In his resignation letter obtained by Fox News, Atlas said he worked hard to ‘save the lives and help Americans through this pandemic’.
He added that he ‘always relied on the latest science and evidence, without political consideration or influence’.
‘As time went on, like all scientists and health policy scholars, I learned new information and synthesized the latest data from around the world, all in an effort to provide you with the best information to serve the greater public good,’ Atlas wrote.
President Donald Trump ‘s special adviser on the coronavirus pandemic Dr Scott Atlas (pictured in August) has resigned
In his resignation letter obtained by Fox News, Atlas (pictured with Trump in September) said he worked hard to ‘save the lives and help Americans through this pandemic’.
‘But, perhaps more than anything, my advice was always focused on minimizing all the harms from both the pandemic and the structural policies themselves, especially to the working class and the poor,’ he added.
Atlas was employed on a 130-day term, which was set to expire this week.
In the statement, Atlas also wished the best to the incoming Joe Biden administration.
‘I sincerely wish the new team all the best as they guide the nation through these trying, polarized times,’ Atlas said.
‘With the emerging treatments and vaccines, I remain highly optimistic that America will thrive once again and overcome the adversity of the pandemic and all that it has entailed.’
Atlas has been criticized for calling for states to reopen, and saying lockdowns are ‘extremely harmful to Americans’.
Earlier this month, Atlas came under fire for suggesting that people should invite their elderly relatives for Thanksgiving because it might be their last.
His harsh advice contradicted that of most public health experts who advised families not to gather for fear of spreading the coronavirus.
Atlas, a neuroradiologist with no experience in public health, made the remark as he attacked lockdowns on Fox News for ‘isolating’ people.
‘This kind of isolation is [also] a tragedy of the elderly who are now being told “don’t see your family at Thanksgiving”,’ he told host Martha MacCallum at the time.
‘For many people this is their final Thanksgiving, believe it or not. We have to have a policy… which is a whole person policy. It’s not just about stopping cases of Covid.’
His advice ran counter to that issued by Dr Anthony Fauci, America’s top infectious disease adviser since 1984, who said people need to avoid large gatherings this year – especially those involving the elderly.
‘People should be very careful about social gatherings, particularly when members of the family might be at a risk because of their age,’ Fauci said last month.
‘You may have to bite the bullet and sacrifice that social gathering unless you’re pretty certain that the people that you’re dealing with are not infected.’
There are more than 13 million confirmed cases of the virus in the US with at least 267,600 deaths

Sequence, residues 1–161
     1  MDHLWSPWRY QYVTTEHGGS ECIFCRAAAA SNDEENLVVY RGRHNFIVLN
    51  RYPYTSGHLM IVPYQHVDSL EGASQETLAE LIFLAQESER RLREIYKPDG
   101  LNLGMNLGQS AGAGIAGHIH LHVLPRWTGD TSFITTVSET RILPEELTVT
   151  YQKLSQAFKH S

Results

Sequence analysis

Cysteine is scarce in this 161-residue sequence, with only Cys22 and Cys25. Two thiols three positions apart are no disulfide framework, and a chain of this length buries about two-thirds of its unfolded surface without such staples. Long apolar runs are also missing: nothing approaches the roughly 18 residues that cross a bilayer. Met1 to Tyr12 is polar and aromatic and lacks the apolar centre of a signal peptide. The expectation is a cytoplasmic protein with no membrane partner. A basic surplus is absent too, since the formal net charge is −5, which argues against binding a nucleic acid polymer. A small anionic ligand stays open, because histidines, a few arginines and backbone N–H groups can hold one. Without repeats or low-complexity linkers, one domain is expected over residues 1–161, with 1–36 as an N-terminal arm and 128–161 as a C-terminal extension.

A little over a week ago, Stanford University faculty members voted to condemn Atlas for spreading misinformation about the pandemic.
The Stanford Faculty Senate (SFS) announced the vote on a resolution which passed with 85 per cent approval in a scathing statement, calling Atlas’ actions ‘anathema to our values and belief that we should use knowledge for good’.
‘As elected representatives of the Stanford faculty, we strongly condemn his behavior,’ the resolution said of Atlas, a senior fellow at Stanford’s Hoover Institute.
‘It violates the core values of our faculty and the expectations under the Stanford Code of Conduct, which states that we all “are responsible for sustaining the high ethical standards of this institution.'”
The resolution outlined a number of statements for which Atlas has faced significant criticism in recent weeks – including criticizing lockdowns, discouraging the use of masks and claiming that only those who are vulnerable need protection from the virus.
It accused Atlas of spreading disinformation that not only ‘contradicts medical science’ but also damages Stanford’s ‘reputation and academic standing’.
The resolution zeroed in on one incident last week, when Atlas urged Michigan residents to ‘rise up’ against new restrictions imposed by Governor Gretchen Whitmer in response to the state’s alarming surge in coronavirus cases.
Leading the charge to condemn Atlas was Dr David Spiegel of the Stanford School of Medicine, who said: ‘What Atlas has done is an embarrassment to the university.
‘He is using his real affiliation with Hoover to provide credibility in issues he has no professional expertise to discuss in a professional way.’
Also criticizing Atlas during the SFS meeting was Condoleezza Rice, the Tad and Dianne Taube Director of the Hoover Institution and former Secretary of State under President George Bush.
Rice said that many of Atlas’ comments about the pandemic were at odds with the beliefs of the Hoover Institute and called his Michigan tweet ‘offensive and well beyond the boundaries of what is appropriate for someone in a position of authority, such as the one he holds’.
In October, Twitter removed a ‘misleading’ tweet from Atlas who claimed that masks don’t work.
In the tweet shared at the time, Atlas wrote: ‘Masks work? No.’
Atlas then used examples of areas where he said ‘cases exploded even with mandates’.
He included the following locations in the tweet: Los Angeles, Miami, Hawaii, Alabama, France, Philippines, United Kingdom, Spain and Israel.
Twitter subsequently removed the tweet, but Atlas followed up with a response to the censorship.
‘That means the right policy is @realDonaldTrump guideline: use masks for their intended purpose – when close to others, especially hi risk. Otherwise, social distance. No widespread mandates. #CommonSense,’ Atlas wrote.